By June Mathews
Several members of the extended Roper family of Trussville recently attended a dedication ceremony honoring one of their own for his service to his country. Held at the Oak Level United Methodist Church Cemetery in the tiny East Alabama town of Fruithurst in mid-May, the ceremony was a grave marking for Revolutionary War Patriot John Roper.
Attendees included five of John Roper’s third great-grandchilden: John R. Hollingsworth, Rowena Hollingsworth Pugh, Elizabeth Tucker Newman, Robert J. Roper and Gary Michael Roper.
“Members of three generations of these families were present, all of whom live in Trussville and the surrounding area,” said Lynne Williams, a fourth great-granddaughter. “Other family members and friends, special guests from the community and members of numerous patriotic organizations were also present for the ceremony.”
According to a biographical account provided by Williams, John Roper was born February 24, 1763 in Brunswick County, Va. In 1780, at age 17, he volunteered to fight for the independence of his country. His brief but storied military career, which included notable engagements (Battle of Camden, Battle of Guilford Courthouse and others), multiple tours of duty and at least one head wound, ended with the war a little over two years later, and Roper returned home to Virginia.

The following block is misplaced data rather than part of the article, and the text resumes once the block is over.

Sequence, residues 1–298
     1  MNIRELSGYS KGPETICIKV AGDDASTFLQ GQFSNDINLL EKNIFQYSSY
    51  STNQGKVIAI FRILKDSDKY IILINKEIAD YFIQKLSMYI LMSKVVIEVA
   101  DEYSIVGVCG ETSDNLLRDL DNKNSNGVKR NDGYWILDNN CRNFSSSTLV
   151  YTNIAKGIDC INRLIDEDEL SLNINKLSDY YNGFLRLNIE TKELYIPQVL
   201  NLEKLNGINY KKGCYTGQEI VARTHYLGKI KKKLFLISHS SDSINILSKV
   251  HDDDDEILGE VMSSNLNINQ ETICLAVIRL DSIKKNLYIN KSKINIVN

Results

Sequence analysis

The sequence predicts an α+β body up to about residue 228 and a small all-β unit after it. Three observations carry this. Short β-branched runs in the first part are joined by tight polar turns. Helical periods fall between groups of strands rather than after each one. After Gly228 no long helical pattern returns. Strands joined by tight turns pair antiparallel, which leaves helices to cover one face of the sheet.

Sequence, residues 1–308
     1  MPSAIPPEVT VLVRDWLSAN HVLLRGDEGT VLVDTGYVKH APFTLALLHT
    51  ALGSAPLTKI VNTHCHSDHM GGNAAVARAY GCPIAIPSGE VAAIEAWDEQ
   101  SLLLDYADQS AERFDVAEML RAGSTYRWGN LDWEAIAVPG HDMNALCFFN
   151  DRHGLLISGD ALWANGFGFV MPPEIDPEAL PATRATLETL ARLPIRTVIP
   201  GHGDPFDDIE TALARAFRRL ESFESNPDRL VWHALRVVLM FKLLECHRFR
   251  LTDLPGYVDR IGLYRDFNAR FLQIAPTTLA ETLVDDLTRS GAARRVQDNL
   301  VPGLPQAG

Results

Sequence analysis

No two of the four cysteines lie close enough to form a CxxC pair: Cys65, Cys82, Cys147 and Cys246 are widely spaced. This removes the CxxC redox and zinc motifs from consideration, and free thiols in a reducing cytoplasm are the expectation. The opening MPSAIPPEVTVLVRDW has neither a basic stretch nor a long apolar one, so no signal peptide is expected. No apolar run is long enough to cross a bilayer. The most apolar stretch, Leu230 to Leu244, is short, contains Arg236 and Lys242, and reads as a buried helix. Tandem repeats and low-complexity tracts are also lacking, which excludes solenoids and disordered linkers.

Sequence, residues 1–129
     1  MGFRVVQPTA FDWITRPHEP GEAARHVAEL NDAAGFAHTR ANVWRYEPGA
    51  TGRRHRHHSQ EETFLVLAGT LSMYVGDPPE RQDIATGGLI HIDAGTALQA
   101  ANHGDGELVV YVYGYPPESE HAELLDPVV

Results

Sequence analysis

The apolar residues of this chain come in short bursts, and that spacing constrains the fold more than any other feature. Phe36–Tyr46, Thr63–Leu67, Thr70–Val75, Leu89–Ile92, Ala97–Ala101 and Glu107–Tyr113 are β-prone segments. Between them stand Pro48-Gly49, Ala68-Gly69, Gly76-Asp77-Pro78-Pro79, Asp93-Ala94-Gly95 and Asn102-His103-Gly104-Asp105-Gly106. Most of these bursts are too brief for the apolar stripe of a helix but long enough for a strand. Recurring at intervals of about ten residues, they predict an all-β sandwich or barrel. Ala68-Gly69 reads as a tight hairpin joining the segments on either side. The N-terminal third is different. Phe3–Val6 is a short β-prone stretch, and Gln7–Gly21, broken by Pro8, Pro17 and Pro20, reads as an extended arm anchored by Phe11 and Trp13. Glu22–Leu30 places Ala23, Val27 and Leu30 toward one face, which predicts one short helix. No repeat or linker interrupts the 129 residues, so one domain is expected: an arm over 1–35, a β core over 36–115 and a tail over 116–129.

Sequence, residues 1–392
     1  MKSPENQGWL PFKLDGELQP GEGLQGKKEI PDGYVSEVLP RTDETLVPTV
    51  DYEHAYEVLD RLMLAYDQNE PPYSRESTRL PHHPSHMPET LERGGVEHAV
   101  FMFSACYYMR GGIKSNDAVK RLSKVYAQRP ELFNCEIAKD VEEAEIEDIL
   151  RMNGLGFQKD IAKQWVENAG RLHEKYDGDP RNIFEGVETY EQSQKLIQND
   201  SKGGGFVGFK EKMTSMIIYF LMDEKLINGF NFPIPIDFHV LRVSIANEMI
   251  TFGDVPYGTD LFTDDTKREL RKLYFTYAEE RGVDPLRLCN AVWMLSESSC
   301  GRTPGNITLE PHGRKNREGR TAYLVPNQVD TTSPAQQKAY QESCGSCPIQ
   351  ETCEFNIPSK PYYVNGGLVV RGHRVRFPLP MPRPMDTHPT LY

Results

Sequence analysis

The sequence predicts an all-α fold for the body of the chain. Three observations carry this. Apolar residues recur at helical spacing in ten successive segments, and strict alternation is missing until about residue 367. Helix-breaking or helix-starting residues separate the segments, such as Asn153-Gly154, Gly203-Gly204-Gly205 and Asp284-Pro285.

“By the time the Revolutionary War ended, though not quite 21 years old, Private John Roper was quite the seasoned veteran,” Williams said. “He had served with the military of his beloved country for 26 months over the terrain of at least three states.”
In 1797, Roper married Sarah Fincher, and over the next 16 years, they had 10 children. Some of those children eventually migrated to Alabama, and in their later years, the Ropers moved south to be near them. When some of their grandchildren moved into northeast Jefferson County, the Roper family’s Trussville connection was established.
John Roper died in Oak Level on July 25, 1852, but his legacy lives on in the names of Trussville roads and landmarks like Roper Hill, Roper Road, Old Roper Road, Roper Tunnel Road and Roper Station. His descendants also owned and operated several early area businesses, including two sawmills, Roper Dairy (now the site of Trussville Country Club), a service station, a garage and two general merchandise stores, one of which continues to operate as Rogers in Clay.
The recent grave marking ceremony honoring Roper was led by Mary Lewey, Regent of the Josiah Brunson Chapter, Daughters of the American Revolution, and Bill Clement, Past President of the Birmingham Chapter, Sons of the American Revolution. In addition to Williams another fourth great-grandchild, Mike Roper, participated in the ceremony, as did fifth great-grandchildren Carley Newman, Eli Hollingsworth and Kathryn Petty.
Oak Level pastor Henry Donald Payne, and chaplain of the Josiah Brunson Chapter, Betty Payne, also participated in the ceremony. A reception hosted by Oak Level members Ruth Boswell Piper and Kay Howell Melton took place afterward.